Home Remedies for the Back and Neck
When you go to the dentist to get a cavity filled, the dentist will remind you to floss and brush your teeth daily to prevent future cavities. Similarly, we strongly emphasize a daily back or neck exercise program to prevent a future recurrence of back strain. Once you have a back pain attack, you’re four times more likely to have a recurrence. Being a previous victim of back pain requires you to work extra hard to prevent future back attacks.
A home exercise program is typically customized for an individual’s specific back problem. These exercises can be done on the living room rug while watching TV. Other stretching exercises can be done throughout the day to increase flexibility. The way to prevent future back or neck pain is by using customized exercises that make the back stronger, more flexible and resistant to injury.
Just as someone with a heart problem needs to watch their cholesterol, diet and exercise, someone with a back problem needs to keep their back flexible and strong. When faced with the task of lifting an object, it’s essential to use proper body mechanics, or even to get assistance if the object is too heavy, in order to avoid injury.
Studies maintain that exercise is more effective at treating cases of simple back pain than bed rest and drugs. This is ironic, because when a person’s back hurts, just the thought of exercise is painful. In truth, drugs only mask pain symptoms. Exercise, on the other hand, is like oil for joints in the spine. In addition to improving blood flow to discs, joints and muscles, exercise makes muscles more flexible, stronger and resistant to future strain.
When you feel the onset of back or neck pain, there are a few rules of thumb to follow to help relieve the pain at home:
Hot and Cold Packs
First, be sure to put ice on the injured area, then alternate with heat. The ice helps reduce inflammation by constricting the surrounding blood vessels and reducing blood flow and swelling. Apply ice for 15-20 minutes (not directly on the skin) at a time. After two days, heat should be applied to the area to increase blood flow. When using heat, always use a moist heat as it will penetrate deeper into the affected muscle tissues. A good rule of thumb is to use moist heat for approximately 20 minutes followed by ice for 3-5 minutes and then another 20 minutes of moist heat.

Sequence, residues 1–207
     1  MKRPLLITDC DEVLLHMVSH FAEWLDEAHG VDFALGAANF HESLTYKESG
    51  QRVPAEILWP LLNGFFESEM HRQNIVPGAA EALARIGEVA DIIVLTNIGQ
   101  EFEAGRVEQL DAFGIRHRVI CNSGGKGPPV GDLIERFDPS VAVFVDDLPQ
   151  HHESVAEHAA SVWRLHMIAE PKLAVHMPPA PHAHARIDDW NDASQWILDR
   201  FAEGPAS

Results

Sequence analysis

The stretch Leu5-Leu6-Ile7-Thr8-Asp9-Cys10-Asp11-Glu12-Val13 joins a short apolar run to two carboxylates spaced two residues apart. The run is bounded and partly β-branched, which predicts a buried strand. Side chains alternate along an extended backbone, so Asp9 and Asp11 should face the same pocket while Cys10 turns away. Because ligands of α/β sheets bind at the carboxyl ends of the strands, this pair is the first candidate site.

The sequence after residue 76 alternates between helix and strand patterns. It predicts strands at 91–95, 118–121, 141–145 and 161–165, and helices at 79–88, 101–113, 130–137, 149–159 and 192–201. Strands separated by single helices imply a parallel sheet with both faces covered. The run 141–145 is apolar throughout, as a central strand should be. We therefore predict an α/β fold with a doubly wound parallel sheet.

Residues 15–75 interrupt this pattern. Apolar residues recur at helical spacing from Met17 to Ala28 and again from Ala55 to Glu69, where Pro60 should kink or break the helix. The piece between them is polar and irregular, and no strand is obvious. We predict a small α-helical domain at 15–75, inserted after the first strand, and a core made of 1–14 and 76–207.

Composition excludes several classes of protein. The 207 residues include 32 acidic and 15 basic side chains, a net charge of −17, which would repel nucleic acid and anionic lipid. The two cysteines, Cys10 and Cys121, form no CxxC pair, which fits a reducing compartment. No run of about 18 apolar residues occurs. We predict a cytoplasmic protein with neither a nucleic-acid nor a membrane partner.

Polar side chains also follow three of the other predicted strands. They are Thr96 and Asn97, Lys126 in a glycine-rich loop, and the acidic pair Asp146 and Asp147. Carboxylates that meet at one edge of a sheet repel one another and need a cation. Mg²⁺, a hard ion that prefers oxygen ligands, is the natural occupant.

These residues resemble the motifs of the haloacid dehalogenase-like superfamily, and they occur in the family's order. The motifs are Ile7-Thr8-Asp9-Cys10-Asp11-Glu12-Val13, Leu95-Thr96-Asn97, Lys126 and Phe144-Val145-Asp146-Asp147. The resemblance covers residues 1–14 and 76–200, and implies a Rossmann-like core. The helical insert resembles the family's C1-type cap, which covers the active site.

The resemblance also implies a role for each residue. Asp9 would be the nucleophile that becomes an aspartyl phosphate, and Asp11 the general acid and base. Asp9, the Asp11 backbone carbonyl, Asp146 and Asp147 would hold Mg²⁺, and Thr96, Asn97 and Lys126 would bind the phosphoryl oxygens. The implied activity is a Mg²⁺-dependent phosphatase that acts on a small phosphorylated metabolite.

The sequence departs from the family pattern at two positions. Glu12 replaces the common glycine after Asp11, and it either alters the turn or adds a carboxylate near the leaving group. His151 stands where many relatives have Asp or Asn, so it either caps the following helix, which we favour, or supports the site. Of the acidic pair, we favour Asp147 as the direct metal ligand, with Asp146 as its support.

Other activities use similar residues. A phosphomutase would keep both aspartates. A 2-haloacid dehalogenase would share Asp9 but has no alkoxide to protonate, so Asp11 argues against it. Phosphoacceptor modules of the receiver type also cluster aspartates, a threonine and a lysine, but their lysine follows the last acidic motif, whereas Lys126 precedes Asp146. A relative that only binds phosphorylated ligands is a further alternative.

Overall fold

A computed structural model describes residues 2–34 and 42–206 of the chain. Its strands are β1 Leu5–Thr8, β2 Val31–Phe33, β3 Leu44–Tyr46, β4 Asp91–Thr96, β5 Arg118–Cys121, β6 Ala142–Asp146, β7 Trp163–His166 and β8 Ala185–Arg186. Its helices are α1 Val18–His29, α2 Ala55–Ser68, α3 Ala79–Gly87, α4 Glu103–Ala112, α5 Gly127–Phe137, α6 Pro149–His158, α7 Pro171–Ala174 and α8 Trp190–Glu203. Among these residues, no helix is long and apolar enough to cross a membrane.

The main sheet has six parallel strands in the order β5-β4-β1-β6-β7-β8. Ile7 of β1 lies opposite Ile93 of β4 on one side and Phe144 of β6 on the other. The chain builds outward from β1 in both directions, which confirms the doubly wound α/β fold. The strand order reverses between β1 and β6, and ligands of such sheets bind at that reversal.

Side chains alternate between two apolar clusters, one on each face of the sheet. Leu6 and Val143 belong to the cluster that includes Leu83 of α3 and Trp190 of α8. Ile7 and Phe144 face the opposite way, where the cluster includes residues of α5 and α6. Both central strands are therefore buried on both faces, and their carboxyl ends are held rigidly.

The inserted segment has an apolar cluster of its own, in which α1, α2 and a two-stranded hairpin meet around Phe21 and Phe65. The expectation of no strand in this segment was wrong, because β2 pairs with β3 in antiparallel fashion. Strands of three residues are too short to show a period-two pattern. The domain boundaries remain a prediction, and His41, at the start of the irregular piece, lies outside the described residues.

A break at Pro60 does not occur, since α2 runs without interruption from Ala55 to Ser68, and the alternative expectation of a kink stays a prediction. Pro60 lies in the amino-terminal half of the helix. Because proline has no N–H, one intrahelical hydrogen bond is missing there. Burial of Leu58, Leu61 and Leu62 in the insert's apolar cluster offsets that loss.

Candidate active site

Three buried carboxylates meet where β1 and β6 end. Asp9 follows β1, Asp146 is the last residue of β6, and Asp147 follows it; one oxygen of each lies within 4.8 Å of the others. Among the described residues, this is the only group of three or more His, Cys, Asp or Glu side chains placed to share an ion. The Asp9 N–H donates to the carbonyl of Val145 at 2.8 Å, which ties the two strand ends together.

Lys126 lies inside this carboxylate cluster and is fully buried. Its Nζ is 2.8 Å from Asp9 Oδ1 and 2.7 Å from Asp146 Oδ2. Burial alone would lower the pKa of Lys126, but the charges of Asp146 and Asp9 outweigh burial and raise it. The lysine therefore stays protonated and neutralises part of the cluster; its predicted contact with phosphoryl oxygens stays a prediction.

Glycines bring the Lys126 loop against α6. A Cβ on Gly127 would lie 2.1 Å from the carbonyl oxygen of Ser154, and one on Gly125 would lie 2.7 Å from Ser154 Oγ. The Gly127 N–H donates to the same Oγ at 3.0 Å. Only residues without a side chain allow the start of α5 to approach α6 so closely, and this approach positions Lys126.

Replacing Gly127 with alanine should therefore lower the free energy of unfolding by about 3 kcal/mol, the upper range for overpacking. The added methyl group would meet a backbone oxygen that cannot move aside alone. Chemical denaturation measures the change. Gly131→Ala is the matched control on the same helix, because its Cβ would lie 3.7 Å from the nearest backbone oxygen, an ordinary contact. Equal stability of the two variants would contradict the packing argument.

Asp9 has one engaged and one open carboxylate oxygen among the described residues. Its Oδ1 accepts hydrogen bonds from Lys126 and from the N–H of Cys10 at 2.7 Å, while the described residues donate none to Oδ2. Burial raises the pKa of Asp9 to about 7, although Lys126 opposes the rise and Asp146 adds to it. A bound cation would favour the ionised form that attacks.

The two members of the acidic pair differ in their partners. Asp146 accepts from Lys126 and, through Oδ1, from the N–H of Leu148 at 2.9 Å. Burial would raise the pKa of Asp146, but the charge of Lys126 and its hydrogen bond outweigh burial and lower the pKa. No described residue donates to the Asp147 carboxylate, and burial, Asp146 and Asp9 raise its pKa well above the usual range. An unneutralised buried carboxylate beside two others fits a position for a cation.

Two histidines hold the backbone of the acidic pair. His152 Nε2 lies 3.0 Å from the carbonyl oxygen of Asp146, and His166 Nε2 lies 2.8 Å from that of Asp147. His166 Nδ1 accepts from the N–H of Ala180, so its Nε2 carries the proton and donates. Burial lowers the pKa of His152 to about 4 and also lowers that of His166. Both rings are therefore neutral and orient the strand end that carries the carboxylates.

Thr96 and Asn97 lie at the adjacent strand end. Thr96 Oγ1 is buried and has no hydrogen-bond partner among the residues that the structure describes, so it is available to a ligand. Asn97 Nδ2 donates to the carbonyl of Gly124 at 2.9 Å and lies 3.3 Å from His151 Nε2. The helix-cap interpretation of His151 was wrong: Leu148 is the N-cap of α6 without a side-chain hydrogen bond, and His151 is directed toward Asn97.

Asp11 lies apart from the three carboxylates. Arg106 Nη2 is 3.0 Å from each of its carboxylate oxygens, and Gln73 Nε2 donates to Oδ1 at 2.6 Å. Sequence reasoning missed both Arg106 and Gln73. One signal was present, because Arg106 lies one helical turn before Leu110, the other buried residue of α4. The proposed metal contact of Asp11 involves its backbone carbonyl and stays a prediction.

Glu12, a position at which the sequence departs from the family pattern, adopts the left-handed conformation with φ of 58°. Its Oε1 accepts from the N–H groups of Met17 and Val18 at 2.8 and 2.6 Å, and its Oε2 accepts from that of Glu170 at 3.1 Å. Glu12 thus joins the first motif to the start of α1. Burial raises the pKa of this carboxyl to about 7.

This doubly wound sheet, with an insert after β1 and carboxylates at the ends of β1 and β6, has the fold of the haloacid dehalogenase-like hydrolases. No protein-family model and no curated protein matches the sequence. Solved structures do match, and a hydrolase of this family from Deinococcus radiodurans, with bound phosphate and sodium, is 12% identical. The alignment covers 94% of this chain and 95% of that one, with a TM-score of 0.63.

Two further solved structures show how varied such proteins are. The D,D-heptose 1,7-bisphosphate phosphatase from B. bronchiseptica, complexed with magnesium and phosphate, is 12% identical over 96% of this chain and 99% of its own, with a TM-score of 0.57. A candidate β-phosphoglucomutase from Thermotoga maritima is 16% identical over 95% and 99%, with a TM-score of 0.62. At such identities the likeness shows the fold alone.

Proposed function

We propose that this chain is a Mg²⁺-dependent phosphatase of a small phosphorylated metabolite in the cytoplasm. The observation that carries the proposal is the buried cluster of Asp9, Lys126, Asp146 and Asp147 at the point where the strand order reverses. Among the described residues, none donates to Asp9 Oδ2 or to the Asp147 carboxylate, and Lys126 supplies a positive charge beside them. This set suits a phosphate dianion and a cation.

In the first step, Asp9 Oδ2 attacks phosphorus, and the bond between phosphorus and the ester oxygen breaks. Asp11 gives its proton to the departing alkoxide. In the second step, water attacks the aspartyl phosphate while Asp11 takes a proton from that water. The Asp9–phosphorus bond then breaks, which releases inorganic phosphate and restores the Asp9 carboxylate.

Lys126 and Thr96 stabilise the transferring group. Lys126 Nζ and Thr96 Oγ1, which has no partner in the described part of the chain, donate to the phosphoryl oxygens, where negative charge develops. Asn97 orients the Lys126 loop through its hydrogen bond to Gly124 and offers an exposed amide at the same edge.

Non-Steroidal Anti-Inflammatory Drugs (NSAIDs) such as Advil, Nuprin or Ibuprofen have an advantage over other painkillers, because they also reduce swelling. People who are allergic to ibuprofen should try Aleve, Tylenol or Aspirin to reduce pain.
If you experience an attack of back pain, immediately use ice as described above. If the use of ice does not reduce your pain dramatically, then you may start taking NSAIDs for the next few days, as instructed on the bottle. They are much more effective if you can maintain a constant level of the drugs in your body. Try to avoid taking the pills and letting them wear off, before taking another dose the next day. If you are unsure of what to do, ask one of our physicians for advice!
Keep Bed Rest to a Minimum
When you hurt, your body is telling you to stop doing the activity that is causing the pain. Back or neck pain can cause almost any activity to hurt. Lying down for a few days can seem like the most logical solution. However, more than two days of bed rest can cause the muscles in the back to weaken, making activity more painful and recovery slower. After one or two days, get up and move around. Take a slow walk to get moving again.
Put Your Best Foot Forward
Walking around the neighborhood is a great way to alleviate back pain. Walking helps stretch out muscles and get the blood flowing. Stiff muscles will start to relax. An alternative to walking outside is to walk in a pool. This alleviates pressure from the spine, joints and ligaments. Getting out from under gravity is often extremely helpful to the discs, muscles and ligaments of the spine.